The Free Bird Flew the Nest
The other day I wrote about the changes that were coming into my life. Our lives.
Well, last Sunday the anticipated and dreaded day had arrived.
Anticipated because, of course, I am happy and proud that my daughter has taken her first steps into independence. Dreaded because...well, for the same reasons.
Let's see how I'm doing, shall we?
Source Edited in LunaPic
One flew OUT of the Cuckoo's nest
I'm loving this title because, well, I'm AWESOME hahaha.
Kidding. The reason why I chose this title is because it's just my favorite movie of all times (One flew over the cuckoo's nest) and because it's true.
Our family isn't your most average family.
I've always known this. The family I grew up in seemed average, and turned out to be everything but. However, my parents were very strict. Sometimes ridiculously so, and I've always sworn not to be like that.
There were times when my daughter would tell me: "Mohooommmm...Please act NORMAL!"
And I'd turn around and say: "Oh ya? You want a normal mom? Like..." And I'd fill the dots with an example from people we knew, who had 'normal' parents.
She'd always consider it for a few seconds, and then vigorously shake her head and say that she didn't want a normal mom after all. 😆
So yeah, we're not a 'normal' family.
Maybe I've even been too easy sometimes.
But it doesn't matter what I've been, and how I've handled things because the most important thing is that my eldest survived all that crazy, and that she's grown into a level-headed young adult, who knows wrong from right, loves animals, hates injustice, knows what's going on in the world, and doesn't automatically form an opinion just because authorities tell her what to think or believe.
When I know I'm right, I really know it but I've always told my kiddos to think for themselves, and don't just believe anyone, not even me.
I believe I could have done a much worse job because it seems to have worked.
Anyway, trailing off here. It's funny how this works...When someone leaves the household, all of a sudden all these memories come flooding back from when they were little. At least, that's the case for me.
In an earlier post by @camthecreator, and a comment from my end, he said that he understands how difficult it is, and that I knew how it would have been for his mother when he left. All I could think was that his mother had quite some time to get used to the idea, since we already decided to leave Ireland about a year before we actually did. Well, to Mexico. The leaving idea was there before that.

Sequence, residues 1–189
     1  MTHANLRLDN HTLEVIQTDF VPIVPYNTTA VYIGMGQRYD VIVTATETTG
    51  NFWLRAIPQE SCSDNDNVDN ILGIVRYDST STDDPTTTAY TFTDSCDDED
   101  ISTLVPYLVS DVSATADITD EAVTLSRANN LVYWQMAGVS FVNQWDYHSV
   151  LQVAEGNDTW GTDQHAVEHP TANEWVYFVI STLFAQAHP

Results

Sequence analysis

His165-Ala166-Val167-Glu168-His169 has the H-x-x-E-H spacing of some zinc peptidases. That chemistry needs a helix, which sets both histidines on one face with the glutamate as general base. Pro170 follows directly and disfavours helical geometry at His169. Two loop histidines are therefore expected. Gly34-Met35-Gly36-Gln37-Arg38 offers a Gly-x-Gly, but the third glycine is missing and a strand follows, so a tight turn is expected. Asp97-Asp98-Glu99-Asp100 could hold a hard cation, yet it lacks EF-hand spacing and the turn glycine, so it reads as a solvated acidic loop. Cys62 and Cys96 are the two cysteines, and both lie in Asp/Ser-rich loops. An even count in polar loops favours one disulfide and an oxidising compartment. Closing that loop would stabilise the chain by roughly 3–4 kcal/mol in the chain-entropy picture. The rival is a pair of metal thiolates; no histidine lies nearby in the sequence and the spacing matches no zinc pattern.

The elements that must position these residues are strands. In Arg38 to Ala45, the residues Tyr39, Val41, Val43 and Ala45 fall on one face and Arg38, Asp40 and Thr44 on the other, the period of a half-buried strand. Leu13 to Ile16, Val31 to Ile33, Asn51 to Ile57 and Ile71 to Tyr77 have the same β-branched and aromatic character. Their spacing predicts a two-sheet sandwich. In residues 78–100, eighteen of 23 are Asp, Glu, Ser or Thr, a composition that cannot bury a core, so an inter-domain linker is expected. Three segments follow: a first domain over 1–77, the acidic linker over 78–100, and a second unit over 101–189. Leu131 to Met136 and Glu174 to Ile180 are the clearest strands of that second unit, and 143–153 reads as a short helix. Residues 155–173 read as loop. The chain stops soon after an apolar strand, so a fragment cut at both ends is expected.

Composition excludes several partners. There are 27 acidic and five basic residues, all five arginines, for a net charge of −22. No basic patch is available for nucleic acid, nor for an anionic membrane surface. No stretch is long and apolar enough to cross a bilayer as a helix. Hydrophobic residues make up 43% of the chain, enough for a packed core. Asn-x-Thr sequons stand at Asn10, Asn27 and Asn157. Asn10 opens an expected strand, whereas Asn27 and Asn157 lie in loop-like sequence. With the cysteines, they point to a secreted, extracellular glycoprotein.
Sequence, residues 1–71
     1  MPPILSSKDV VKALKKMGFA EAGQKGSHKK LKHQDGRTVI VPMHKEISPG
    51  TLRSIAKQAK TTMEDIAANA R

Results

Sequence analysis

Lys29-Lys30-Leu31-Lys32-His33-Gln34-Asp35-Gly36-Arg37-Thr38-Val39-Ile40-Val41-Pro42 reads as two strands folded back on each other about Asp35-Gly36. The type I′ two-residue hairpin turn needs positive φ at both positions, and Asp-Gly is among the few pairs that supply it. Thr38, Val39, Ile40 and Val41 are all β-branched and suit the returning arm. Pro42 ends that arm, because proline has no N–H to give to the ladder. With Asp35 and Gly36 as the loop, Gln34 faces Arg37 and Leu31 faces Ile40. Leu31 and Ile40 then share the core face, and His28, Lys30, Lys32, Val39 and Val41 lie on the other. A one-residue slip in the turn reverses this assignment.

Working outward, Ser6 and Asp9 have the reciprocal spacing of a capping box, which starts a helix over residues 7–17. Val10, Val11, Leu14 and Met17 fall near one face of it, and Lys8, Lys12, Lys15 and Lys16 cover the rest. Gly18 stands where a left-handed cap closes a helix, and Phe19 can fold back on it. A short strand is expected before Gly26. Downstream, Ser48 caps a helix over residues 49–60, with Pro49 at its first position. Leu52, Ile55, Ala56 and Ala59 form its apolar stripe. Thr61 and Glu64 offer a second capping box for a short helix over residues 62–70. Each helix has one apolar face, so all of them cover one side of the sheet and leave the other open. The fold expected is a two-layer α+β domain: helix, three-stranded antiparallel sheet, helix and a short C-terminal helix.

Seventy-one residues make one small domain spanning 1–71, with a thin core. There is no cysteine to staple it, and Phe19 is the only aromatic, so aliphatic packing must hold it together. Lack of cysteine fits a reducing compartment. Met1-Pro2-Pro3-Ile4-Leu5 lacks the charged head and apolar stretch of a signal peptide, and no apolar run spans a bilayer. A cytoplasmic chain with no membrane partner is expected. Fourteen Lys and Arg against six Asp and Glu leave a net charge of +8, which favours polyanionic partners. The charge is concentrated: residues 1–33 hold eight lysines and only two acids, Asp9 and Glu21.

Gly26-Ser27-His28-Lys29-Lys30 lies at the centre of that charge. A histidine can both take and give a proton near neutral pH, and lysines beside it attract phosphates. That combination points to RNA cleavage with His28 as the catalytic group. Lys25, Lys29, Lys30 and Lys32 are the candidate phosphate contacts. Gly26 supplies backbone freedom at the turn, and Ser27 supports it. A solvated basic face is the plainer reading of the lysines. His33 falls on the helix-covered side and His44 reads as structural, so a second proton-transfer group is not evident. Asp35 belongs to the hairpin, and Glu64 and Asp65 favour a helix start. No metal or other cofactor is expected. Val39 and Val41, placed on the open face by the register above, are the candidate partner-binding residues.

In my case, my daughter told me that she was considering going back with him when he'd go back, temporarily, only a little while ago. Then they sprung the news of them leaving for good (well, I never say never haha, so for good is not in my vocabulary in this case) only a few weeks ago. Two days before we moved into the new house, to be precise. So I barely had the time to get adjusted to the idea when they already had the tickets booked to leave less than a week later...
In this short time, I went through almost all the stages of grief, as if you'd mourn a person who passed away. Denial (as in: ah, they won't be able to book a ticket that quickly), then a bit of anger (how can they do this right now? Right this moment when we just moved to a bigger, more expensive house?). I left out the bargaining. Then I did fall into a little bit of a depression, as I felt like their decision came at a really shitty time. I felt like being left to pick up the pieces on my own. And now, finally, a bit of acceptance.
From the moment they booked, until they were actually leaving, there were only 6 days. Not a lot of time. Then there was a huge part of frustration because I didn't have the funds to do much. Even buying food is a challenge. I would have loved to be able to do something nice with them, like snorkeling, or at least a last cenote visit. But even the $10 USD per person to visit one of those wasn't within my budget. Let alone anything more.
But OK, it's not worse for me than it was for Cam's mother. I don't think it matters when you know they're leaving. You just have to make the best of the time you have, any day really. I believe it's hard to see them fly the nest either way. For any mother, for any parent.
Sunday came nevertheless, and at least I could manage to gather enough money for my youngest son and myself to go with them to the airport to see them off, and actually make it back home. It'd have to do.
Anyway, we had the taxi booked for noon. Their plane wasn't going until 6.45 pm, so with less than an hour to the airport, they had ample time to get there in time and check in etc. I believe we left them around 4-4.30 pm as they were going through the security check. This is the last picture I took of my daughter and her little brother saying good-bye.
It's the last picture I'll take of her for a while...
I didn't shed any tears. I didn't want to because I didn't want to make things extra hard. I didn't want for them to leave with a heavy heart but I can't always control this so I'm quite glad I managed to this time.
I'm proud of the young woman she's become and proud of them both for taking these first steps into complete independence and 'the real world'.
My youngest and I went back on the bus, managed to get some (very!) cheap food in Cancun. Walked across the little market for a bit. Talked to a guy who was selling
Meade (or honey wine), invited him to the event I'm co-organizing on the 30th...
A productive day. A sad but also a happy day at the same time.
On the bus back to Playa, I realized:
We'll miss them. But we'll live.